Blue Label reassures investors over Cell C
Blue Label Telecoms, majority shareholder in Cell C, yesterday sought to reassure investors after the mobile operator’s interim CEO Douglas Craigie Stevenson issued an open letter outlining the challenges the company is confronted with.
The news weighed on Blue Label shares, as a weak outlook provided by management rattled investors and the market. Nonetheless, the company is upbeat on the future and sees a silver lining as “management and the board are ensuring Cell C is sufficiently geared to run the business as required”.’
Blue Label refuted speculation of trouble at Cell C, claiming “no material concerns or issues have been uncovered as a result of Cell C’s new management conducting a deep dive into the business practices of Cell C in a drive for efficiencies. This is an ongoing process and shareholders will be updated as progress is made.”
In a SENS statement, the company says: “In anticipation of the transaction resolving the liquidity position at Cell C, and launching the new, improved operating model, Cell C’s management and board are ensuring Cell C is sufficiently geared to run the business as required.
“Blue Label and the Buffet Consortium are fully apprised of Cell C’s drive to effectively and efficiently utilise all of its network, technology and human capital assets, and are supportive of management’s initiatives.”
In his letter, Craigie Stevenson says there is an acknowledgement that the company faces, and continues to face, financial and other challenges.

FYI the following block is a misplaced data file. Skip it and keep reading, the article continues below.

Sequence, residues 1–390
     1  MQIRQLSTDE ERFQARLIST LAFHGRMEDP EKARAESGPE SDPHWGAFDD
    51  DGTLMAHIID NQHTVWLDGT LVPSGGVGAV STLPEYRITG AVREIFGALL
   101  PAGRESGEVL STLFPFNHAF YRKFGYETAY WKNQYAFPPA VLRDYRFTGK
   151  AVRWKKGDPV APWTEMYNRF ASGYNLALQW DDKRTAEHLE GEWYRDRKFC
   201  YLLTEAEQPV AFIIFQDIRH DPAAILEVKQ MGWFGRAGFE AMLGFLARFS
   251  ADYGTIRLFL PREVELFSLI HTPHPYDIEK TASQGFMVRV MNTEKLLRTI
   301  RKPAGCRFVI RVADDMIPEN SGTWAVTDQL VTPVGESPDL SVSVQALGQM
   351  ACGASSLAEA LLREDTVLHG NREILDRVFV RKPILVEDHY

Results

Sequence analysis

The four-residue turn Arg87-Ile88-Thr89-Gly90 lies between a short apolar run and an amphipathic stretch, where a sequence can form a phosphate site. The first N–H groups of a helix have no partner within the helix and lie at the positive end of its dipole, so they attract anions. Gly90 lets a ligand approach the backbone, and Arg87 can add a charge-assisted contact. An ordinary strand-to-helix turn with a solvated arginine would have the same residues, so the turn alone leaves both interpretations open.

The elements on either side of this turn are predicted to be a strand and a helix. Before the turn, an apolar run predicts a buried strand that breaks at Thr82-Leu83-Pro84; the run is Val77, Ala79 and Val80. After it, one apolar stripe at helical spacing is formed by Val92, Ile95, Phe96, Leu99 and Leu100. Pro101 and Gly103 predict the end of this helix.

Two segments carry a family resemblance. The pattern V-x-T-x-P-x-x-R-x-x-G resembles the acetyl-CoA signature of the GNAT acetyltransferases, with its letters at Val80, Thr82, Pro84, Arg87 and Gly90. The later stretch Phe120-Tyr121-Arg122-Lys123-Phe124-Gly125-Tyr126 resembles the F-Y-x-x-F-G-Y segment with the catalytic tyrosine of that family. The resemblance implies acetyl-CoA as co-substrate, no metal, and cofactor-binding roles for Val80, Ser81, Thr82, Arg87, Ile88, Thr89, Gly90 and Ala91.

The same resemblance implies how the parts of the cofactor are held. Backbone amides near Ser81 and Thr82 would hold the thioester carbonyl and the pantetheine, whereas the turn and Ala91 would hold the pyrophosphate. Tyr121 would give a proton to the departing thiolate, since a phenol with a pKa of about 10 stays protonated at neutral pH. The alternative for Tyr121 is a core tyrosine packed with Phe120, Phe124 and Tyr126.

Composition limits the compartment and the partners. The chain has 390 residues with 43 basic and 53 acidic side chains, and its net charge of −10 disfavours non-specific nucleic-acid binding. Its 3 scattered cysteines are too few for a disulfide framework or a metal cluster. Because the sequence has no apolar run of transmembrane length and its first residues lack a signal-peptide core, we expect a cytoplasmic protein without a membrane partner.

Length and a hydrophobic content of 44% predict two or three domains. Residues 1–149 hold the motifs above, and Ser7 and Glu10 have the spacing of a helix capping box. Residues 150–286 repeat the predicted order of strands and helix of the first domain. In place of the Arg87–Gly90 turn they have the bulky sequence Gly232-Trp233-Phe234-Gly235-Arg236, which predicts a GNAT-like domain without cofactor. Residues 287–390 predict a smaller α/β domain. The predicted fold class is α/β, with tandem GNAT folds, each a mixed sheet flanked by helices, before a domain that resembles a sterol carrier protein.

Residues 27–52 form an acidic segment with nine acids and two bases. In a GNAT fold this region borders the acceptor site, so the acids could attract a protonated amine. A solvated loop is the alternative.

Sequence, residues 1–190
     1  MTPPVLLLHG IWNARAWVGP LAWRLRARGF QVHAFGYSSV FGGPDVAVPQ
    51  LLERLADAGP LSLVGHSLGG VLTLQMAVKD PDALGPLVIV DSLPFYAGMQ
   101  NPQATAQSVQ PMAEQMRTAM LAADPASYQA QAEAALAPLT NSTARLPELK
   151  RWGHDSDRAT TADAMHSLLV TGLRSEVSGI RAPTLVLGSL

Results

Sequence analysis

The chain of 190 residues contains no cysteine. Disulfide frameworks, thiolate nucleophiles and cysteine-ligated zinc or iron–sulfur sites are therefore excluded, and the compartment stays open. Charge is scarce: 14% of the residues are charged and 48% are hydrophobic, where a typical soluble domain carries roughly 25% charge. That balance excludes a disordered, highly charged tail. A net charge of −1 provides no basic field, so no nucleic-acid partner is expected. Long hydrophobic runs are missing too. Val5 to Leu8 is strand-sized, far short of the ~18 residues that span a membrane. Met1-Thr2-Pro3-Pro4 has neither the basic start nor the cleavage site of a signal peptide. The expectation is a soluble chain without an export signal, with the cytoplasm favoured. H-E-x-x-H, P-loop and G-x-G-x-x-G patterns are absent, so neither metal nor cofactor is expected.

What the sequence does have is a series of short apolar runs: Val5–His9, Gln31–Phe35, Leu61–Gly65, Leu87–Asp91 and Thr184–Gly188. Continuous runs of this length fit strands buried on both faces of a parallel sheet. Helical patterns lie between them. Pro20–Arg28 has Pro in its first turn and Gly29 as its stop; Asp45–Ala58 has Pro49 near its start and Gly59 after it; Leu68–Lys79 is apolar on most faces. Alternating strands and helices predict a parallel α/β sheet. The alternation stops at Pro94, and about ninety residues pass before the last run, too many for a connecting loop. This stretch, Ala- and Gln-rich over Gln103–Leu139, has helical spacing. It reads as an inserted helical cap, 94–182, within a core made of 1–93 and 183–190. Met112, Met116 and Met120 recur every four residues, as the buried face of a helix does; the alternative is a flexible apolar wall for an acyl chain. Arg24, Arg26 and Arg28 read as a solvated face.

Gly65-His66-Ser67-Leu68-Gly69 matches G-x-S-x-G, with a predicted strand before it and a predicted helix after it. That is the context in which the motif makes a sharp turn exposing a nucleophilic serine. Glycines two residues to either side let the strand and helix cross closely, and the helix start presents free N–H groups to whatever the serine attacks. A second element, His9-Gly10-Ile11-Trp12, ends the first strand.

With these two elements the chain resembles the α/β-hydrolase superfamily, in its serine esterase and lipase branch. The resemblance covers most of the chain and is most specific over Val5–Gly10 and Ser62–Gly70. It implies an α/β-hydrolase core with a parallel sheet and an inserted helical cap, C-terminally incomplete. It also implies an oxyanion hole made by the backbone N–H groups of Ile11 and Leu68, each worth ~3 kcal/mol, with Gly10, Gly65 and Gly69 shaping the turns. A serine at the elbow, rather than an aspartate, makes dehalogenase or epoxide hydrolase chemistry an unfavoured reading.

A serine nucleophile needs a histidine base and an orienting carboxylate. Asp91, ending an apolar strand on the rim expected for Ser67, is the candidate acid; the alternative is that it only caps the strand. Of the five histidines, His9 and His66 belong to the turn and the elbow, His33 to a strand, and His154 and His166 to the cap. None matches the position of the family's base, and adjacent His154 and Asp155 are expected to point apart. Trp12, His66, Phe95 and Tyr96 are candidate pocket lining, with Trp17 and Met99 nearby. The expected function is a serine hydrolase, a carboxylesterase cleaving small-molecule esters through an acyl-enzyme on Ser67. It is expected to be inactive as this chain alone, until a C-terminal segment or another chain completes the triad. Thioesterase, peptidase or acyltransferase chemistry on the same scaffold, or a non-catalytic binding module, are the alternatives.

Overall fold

Craigie Stevenson was named interim group chief executive officer of the company, effective 1 March, following the departure of Jose Dos Santos.
In August 2017, Blue Label completed Cell C's recapitalisation through a R5.5 billion investment, as well as a further subscription of shares from Net1 UEPS Technologies for R2 billion.
Blue Label holds a 45% stake in Cell C, Net1 owns 15%, and 10% is held on behalf of Cell C management and staff. 3C Telecommunications' shareholding is 30%.
Cell C has been under pressure for some time, facing myriad problems, including job stoppages, declining revenue and debt management challenges.
In February, Blue Label announced Cell C’s unaudited results for the year ended 31 December 2018, reflecting a R638 million loss.
Two weeks ago, the operator was downgraded by a global rating agency.
Standard & Poor’s downgraded Cell C’s debt rating further after the operator renegotiated terms of its R1.4 billion debt.